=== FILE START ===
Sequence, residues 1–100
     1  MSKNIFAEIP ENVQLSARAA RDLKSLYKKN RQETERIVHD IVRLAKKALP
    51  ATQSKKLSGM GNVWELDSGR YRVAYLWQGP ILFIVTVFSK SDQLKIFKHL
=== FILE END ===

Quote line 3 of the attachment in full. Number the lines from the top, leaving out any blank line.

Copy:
    51  ATQSKKLSGM GNVWELDSGR YRVAYLWQGP ILFIVTVFSK SDQLKIFKHL